Nogales, A.Z. --
Since the dawn of man, there has been property. From cavemen calling caves home to modern people looking for a slice of the American dream.
Drafters and surveyors have mapped out the terrain and set the foundation for everything from the Great Pyramids of Giza to the new One World Trade Center in New York City.
A detachment from Engineer Company, Marine Wing Support Squadron 272, based at Marine Corps Air Station New River, N.C., departed Feb. 28 to Nogales, Ariz., to construct a new border security road and improve several existing roads in support of the U.S. Customs and Border Protection’s Southwest Border Infrastructure Enhancement Program.
The ongoing project is phase three of a multi-year engineer support operation designed to enhance the U.S. Border Patrol – Tucson Sector’s ability to counter transnational criminal activities being conducted along the U.S./Mexico border in Southern Arizona. The project site is located amidst a well-known illicit drug and illegal alien smuggling corridor.
The drafter and surveyor Marines were tasked with marking and plotting exactly where the other Marines needed to add or remove from the road.
“The surveyor Marines are very important,” said Staff Sgt. Donald E. Stehley, MWSS-272 detachment staff noncommissioned officer-in-charge. “Without them we would not know exactly where our left and right lateral limit is, and in a job like this, that is very important.”
The Marines are trained with AutoCAD and a GPS-based tracking system that can pinpoint the exact position of the remote unit, said Cpl. Joe Sabun, MWSS-272 surveyor.
The ground unit is calibrated to the exact location the survey Marines are working in, and by using the pre-loaded maps on it, they can use the roving unit to measure the ground, said Lance Cpl. Gill Aluna, MWSS-272 surveyor.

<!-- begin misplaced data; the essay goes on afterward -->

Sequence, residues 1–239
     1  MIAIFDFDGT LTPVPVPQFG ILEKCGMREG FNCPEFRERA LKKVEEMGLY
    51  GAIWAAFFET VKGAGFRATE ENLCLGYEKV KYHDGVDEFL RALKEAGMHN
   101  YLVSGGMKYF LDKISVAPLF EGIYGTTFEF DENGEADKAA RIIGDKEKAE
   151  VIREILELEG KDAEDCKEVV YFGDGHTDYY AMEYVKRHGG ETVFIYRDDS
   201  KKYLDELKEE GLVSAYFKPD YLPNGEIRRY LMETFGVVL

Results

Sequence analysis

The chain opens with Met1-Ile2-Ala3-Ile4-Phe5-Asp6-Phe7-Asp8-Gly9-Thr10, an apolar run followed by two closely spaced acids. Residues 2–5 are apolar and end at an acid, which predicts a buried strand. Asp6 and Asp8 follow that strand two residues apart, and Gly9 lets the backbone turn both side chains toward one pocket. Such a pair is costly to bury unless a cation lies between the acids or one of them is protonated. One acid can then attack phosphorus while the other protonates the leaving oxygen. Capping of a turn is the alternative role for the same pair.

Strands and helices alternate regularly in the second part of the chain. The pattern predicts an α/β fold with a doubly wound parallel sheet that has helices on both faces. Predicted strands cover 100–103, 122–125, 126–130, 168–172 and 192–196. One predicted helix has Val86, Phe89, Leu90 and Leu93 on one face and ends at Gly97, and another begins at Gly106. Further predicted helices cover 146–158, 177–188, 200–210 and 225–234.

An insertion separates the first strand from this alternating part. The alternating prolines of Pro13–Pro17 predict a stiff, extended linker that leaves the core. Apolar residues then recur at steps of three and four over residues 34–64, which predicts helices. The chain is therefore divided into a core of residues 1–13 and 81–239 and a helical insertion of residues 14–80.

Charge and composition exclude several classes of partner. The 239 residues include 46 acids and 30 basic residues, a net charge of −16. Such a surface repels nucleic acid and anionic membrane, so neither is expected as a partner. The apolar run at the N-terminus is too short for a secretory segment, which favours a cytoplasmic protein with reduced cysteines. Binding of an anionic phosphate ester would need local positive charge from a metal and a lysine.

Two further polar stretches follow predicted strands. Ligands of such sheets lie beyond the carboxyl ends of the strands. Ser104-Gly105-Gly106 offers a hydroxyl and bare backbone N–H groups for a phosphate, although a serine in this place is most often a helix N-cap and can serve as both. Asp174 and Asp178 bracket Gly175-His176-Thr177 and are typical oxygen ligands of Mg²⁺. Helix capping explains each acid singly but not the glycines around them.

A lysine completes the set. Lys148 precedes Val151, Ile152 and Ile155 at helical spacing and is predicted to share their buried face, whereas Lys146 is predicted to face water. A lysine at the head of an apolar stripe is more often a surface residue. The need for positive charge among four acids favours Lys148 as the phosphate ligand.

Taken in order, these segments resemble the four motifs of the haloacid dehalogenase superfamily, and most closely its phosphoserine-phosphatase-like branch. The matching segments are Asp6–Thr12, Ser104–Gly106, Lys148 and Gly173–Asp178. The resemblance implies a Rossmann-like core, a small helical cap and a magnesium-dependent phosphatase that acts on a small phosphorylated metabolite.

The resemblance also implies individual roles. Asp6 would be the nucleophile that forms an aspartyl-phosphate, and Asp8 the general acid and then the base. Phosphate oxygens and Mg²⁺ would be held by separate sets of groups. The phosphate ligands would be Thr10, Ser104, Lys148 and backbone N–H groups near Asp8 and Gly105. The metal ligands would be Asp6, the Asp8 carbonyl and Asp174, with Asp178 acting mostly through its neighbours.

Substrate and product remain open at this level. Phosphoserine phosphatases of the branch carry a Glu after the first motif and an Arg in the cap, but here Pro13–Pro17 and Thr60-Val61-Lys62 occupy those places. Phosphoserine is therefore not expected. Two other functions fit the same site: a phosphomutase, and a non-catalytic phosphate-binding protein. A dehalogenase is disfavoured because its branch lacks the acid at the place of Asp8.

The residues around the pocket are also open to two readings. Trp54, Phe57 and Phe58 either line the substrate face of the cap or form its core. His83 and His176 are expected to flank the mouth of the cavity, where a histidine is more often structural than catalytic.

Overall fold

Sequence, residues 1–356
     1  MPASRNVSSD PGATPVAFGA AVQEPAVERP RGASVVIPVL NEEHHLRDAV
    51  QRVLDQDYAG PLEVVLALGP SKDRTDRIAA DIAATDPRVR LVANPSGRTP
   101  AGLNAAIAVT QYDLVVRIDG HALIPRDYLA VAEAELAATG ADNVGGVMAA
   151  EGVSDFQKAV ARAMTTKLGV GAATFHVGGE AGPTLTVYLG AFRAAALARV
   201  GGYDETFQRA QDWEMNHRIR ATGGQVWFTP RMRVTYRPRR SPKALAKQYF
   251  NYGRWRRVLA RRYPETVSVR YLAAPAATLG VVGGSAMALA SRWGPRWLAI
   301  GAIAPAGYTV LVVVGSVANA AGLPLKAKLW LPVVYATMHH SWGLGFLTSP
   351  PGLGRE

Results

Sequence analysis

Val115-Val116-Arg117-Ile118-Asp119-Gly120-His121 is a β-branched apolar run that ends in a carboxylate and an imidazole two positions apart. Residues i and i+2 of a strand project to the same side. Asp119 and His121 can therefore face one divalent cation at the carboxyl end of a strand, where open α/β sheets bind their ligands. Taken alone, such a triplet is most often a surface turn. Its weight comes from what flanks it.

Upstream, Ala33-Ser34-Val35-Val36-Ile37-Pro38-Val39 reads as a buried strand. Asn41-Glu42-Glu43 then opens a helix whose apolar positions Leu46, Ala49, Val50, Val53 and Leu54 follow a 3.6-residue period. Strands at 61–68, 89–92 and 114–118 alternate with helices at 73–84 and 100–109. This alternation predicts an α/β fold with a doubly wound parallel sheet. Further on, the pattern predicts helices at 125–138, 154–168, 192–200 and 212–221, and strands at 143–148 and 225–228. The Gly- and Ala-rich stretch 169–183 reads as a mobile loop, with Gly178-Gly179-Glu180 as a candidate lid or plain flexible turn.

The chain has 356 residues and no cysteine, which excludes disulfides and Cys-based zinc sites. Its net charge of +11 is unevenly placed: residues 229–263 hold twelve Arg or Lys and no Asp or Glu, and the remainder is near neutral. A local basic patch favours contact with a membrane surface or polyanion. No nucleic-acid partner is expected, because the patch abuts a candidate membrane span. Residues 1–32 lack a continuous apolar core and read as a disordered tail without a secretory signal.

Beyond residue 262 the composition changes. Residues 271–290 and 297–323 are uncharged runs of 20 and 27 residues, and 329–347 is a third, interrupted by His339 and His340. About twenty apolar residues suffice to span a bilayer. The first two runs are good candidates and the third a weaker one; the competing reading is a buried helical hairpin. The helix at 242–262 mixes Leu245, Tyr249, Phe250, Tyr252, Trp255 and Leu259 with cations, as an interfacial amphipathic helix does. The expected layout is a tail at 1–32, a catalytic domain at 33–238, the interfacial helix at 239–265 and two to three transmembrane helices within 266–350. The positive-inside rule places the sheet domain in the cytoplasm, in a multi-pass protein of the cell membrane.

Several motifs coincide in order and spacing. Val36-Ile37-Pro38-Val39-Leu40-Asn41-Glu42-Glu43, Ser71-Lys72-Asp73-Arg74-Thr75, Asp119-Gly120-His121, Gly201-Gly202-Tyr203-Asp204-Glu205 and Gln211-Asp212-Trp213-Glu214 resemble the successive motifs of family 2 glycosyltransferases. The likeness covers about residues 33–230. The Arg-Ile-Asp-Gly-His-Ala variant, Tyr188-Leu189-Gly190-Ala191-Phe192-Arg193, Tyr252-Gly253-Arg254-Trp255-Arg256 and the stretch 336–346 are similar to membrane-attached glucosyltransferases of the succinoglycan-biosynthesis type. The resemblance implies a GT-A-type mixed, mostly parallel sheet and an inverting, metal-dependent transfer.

The surveyors are also the first people on a construction site, Sabun said. They create the foundation to build a road, a structure or anything that is constructed.
The surveyors methodically marked and placed posts every 50 feet to guide the Marines in the earth-moving machines down the rocky terrain. The stakes in the ground contain detailed information about the progress and limits of the specific location. The Marines in the machines were told that the stakes were the lateral limits or they were offset by a few feet. That way the Marine could adjust their construction accordingly. They also mark the posts with coded information, so that any contractor who looks at it can understand why the post is there.
With the guidance and outlines of the surveyor Marines, MWSS-272 detachment is ahead of schedule and is expected to return to the air station near the middle of April.